Dreams . . .
Kajalie Shehreen Islam
is a feeling . . . It's in the things I see, hear and feel around
me. Flashes in my mind, scattered scents, sights and sounds
-- like the scent of wet soil and the feel of cool winds against
my face after a kal boishakhi storm, riding a rickshaw
in the rain, girls dressed in red and white sarees with white
flowers in their hair, dusty village roads and star-studded
skies, thongs of people at Ramna, the stifling heat, the squeaky
ride at the art college, the taste of salty ilish maachh,
the smell of burning wood in the early morning, photos of my
Dhaka University friends on Pahela Boishakh . . .
When I was younger, I loved the colour red.
Besides the bright appeal, I think it had something to do with
Bangali brides being dressed in red, for, at the age of three
or four, I think I went through a common phase of wanting to
be a bou. (Not allowed to wear lipstick, I would even
go around eating paan in order to make my lips red).
The excitement at such prospects has since subsided with age,
however. At that point, though, I knew little about what it
was to be "Bangali".
The first time that I can remember celebrating
Pahela Boishakh must have been when I was 11 or 12.
I was in Libya at the time, and, having seen many young girls
and even some boys taking singing lessons from an Auntie there,
I wanted to do the same. So I took it up, writing down lyrics
of Bangla songs in English alphabets and learning to play the
After some months, as April 14 approached, we
started practicing various songs, including Tagore's dance drama
“Chandalika” and, of course, “Esho he boishakh”.
But even then I didn't quite understand the significance of
I first wore a white saree with a red paar
and went to the Institute of Fine Arts early in the morning
on Pahela Boishakh when I was 19. It was a totally
new experience for me after having lived abroad most of my life,
and only having celebrated the Bangla new year in cultural/musical
functions there as well as at the English medium school I went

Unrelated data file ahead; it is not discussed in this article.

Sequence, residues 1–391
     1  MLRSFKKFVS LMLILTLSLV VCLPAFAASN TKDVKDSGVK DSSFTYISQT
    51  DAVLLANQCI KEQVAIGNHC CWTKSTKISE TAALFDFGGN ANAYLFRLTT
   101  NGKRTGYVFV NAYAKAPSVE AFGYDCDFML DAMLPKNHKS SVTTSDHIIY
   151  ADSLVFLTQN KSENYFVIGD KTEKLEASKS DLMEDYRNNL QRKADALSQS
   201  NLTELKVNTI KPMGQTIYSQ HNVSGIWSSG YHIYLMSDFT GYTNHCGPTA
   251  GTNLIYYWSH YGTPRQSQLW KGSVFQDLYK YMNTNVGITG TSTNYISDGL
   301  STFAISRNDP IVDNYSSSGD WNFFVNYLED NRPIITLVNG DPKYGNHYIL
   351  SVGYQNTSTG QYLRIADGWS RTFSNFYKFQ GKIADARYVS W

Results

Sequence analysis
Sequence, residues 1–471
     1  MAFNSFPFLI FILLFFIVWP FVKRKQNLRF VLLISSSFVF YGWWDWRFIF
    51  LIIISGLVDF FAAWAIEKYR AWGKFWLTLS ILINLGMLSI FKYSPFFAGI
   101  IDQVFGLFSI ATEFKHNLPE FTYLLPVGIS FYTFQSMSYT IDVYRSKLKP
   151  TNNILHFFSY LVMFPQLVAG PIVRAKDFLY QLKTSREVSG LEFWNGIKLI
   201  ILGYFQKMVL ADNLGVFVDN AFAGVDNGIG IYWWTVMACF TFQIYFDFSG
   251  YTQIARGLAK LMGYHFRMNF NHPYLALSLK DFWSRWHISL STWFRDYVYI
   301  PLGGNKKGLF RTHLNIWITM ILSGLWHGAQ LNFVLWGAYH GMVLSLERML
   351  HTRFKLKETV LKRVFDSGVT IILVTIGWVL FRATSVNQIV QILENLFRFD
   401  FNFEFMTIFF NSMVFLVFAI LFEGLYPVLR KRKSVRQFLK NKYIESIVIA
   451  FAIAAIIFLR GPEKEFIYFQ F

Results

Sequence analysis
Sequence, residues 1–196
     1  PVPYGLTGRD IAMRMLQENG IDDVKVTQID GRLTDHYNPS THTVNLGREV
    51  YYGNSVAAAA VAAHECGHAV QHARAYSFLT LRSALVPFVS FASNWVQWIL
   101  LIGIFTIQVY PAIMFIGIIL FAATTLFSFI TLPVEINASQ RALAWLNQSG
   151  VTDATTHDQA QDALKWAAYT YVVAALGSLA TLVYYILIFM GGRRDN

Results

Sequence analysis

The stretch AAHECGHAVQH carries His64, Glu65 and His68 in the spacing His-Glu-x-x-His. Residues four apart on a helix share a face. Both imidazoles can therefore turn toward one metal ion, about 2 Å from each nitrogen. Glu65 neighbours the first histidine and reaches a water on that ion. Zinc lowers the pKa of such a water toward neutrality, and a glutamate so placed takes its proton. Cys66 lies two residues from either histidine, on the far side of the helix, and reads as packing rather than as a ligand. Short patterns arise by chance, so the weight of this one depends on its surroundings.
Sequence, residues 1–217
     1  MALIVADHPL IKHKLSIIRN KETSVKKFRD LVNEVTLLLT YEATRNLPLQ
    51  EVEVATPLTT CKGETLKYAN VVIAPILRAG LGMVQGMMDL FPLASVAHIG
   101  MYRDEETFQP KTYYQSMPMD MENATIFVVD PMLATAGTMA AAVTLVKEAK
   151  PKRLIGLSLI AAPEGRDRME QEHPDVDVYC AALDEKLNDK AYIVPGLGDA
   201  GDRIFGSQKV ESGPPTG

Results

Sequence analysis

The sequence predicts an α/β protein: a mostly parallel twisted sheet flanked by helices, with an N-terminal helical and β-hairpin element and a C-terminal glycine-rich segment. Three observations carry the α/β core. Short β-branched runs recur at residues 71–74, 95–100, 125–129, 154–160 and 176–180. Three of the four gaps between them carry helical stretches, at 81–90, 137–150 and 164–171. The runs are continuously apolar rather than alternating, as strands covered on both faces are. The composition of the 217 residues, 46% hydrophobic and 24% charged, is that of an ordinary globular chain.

to in Dhaka. That day, I did the whole deal. I got my face painted,
rode the noisy ferris wheel, wore flowers in my hair.
Since then, I've always celebrated the coming
of Boishakh regardless of where I am, be it at a friend's
place or with my parents at Gulshan Club. I've worn the traditional
outfit, eaten panta bhaat and ilish maachh.
I even begin the day with a resolution to speak only Bangla
that whole day.
But even today, I have difficulty remembering
the Bangla months in order and, often, even what Bangla year
it is. I still have trouble understanding difficult Bangla in
university texts. I can write better English than I can Bangla.
I was born a Bangali, but I could never really
take my Bangali identity quite for granted. It's something I
was hardly aware of as a child, something I was physically far
removed from even though Bangla and the fact that we were Bangali
dominated our home. I had to start learning to read and write
Bangla from scratch in Class 8 in Dhaka. Before I could get
very far, I again had to leave.
Yet my family and friends find me to be very
Bangali at heart. I cannot impress people by reciting Tagore's
“Shesher Kobita" or writing beautiful Bangla prose
as I would so like to. I'm no classical dancer and my saree
always needs fixing even after I've done my best to wear it
properly. My values and my outlook on life may very well be
influenced by my somewhat mixed upbringing.
My being Bangali has, to an extent, been like
the experience of millions of people who are born to different
religions but who have to learn to believe in order to have
true faith. I realise that I am not a "typical” Bangali.
In many ways, I have had to learn to be one. But I have loved
what I have learned.
Perhaps I have always been Bangali at heart,
without even realising it myself. In another sense, it's as
if I have chosen to be Bangali, and I do and appreciate
many things other Bangalis take for granted.
And so, when I am asked to reflect on what Pahela
Boishakh means to me, there are no ingrained ideas, no
Celebrating Pahela Boishakh is like celebrating my
ever-growing Bangali identity, celebrating being in Dhaka after
many years of being away from home and the many things, big
and small, that I missed.
Boishakh is a flurry of thoughts and feelings, colours
and hues, scents and tastes, storms and peace.